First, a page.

Go back to the enewsletter Located on an untouche

first_imgGo back to the e-newsletterLocated on an untouched Indonesian enclave, Nihi-Sumba has announced Nihi Reset – a one-week transformative retreat taking place from Saturday 27 October – 3 November 2018, designed to reshape the body and shed extra weight.Special guest instructor is Tatiana Boncompagni Hoover, co-author of Model Trainer Method and founder of Sculptologie. The retreat will allow guests to discover how good strong feels while nourishing the body with healthy, fresh food and gaining a renewed perspective on life through daily mindfulness practices.Strength training workouts, yoga, meditation, spa services, hikes and dips in the Indian Ocean or private plunge pool are all included.Included in the Nihi Reset Retreat package is:All meals — breakfast, lunch, dinner, morning/afternoon snacks, and all non-alcoholic beveragesWi-Fi InternetMini Bar (one complete restock per day)One single laundry serviceRetreat activitiesOne spa treatmentTax and service chargePrices start at $800 per night (single occupancy) or $1400 per night (double occupancy).Go back to the e-newsletterlast_img read more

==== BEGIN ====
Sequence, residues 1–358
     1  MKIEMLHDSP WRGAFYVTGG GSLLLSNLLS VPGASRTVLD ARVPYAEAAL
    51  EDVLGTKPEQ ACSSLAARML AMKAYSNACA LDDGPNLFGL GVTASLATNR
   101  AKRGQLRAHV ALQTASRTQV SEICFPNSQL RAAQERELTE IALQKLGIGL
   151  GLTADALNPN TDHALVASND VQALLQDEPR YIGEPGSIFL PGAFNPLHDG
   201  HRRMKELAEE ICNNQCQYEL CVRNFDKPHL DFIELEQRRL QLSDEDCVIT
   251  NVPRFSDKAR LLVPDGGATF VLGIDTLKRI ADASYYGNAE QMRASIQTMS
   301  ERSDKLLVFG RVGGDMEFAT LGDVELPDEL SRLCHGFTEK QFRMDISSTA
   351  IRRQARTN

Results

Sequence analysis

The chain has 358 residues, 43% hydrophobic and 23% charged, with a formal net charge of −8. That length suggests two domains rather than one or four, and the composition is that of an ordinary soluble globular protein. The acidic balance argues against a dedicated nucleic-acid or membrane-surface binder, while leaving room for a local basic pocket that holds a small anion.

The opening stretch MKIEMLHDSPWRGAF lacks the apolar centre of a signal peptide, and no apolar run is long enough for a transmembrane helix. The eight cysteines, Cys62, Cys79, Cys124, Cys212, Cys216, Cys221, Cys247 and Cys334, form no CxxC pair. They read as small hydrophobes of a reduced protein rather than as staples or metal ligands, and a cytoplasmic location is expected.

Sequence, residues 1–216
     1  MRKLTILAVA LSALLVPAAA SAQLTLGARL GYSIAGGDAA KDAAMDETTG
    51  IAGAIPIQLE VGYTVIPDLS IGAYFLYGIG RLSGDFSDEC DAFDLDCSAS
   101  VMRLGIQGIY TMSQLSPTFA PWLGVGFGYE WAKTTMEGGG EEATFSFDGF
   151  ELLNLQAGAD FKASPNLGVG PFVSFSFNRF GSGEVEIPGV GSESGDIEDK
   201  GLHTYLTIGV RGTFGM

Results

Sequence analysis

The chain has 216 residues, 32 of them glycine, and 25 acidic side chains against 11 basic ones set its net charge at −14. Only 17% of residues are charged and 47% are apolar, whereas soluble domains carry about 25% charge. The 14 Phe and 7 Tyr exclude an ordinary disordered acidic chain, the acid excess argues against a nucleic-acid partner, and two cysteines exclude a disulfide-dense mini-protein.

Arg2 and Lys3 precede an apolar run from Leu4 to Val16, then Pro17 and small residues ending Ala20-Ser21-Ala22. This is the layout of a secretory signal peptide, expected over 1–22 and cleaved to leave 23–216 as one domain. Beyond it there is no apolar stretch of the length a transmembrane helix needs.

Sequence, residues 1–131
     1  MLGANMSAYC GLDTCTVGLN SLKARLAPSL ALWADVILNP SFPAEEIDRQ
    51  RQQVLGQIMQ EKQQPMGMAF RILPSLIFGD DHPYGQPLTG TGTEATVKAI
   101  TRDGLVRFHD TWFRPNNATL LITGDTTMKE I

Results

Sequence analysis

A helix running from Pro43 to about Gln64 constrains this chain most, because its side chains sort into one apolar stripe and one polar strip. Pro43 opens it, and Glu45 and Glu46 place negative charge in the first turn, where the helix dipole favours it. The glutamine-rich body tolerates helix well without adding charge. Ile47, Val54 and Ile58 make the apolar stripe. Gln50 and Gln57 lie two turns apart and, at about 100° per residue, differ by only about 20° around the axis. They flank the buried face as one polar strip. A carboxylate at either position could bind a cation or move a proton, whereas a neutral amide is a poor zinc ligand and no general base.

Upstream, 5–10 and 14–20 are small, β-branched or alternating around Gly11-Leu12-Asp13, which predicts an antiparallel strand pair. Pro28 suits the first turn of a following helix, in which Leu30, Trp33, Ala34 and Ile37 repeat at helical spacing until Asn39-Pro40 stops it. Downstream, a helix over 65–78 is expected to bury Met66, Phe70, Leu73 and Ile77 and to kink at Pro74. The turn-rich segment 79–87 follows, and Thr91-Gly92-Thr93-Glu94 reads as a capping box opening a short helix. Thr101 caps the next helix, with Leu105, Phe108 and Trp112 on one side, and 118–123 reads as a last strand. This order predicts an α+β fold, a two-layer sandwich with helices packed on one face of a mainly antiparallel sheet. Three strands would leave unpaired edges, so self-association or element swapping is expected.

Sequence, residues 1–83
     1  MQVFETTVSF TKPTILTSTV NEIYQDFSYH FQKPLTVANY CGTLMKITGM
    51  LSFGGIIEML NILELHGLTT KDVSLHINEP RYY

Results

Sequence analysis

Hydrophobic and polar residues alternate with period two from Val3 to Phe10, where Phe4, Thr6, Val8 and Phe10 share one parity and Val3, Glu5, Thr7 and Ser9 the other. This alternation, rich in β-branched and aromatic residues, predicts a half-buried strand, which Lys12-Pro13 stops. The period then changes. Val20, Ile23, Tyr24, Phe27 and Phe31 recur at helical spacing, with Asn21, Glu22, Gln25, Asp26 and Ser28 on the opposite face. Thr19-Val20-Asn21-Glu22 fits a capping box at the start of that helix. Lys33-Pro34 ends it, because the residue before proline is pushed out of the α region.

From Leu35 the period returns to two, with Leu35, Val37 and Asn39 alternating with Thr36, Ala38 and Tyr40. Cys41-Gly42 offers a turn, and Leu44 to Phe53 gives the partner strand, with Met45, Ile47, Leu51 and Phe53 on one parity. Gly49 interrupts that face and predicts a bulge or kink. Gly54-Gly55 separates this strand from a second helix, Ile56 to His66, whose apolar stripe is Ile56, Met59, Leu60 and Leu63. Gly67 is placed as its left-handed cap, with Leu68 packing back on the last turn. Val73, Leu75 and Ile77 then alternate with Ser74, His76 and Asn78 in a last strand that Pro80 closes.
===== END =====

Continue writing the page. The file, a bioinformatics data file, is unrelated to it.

Cashing in on transparency in science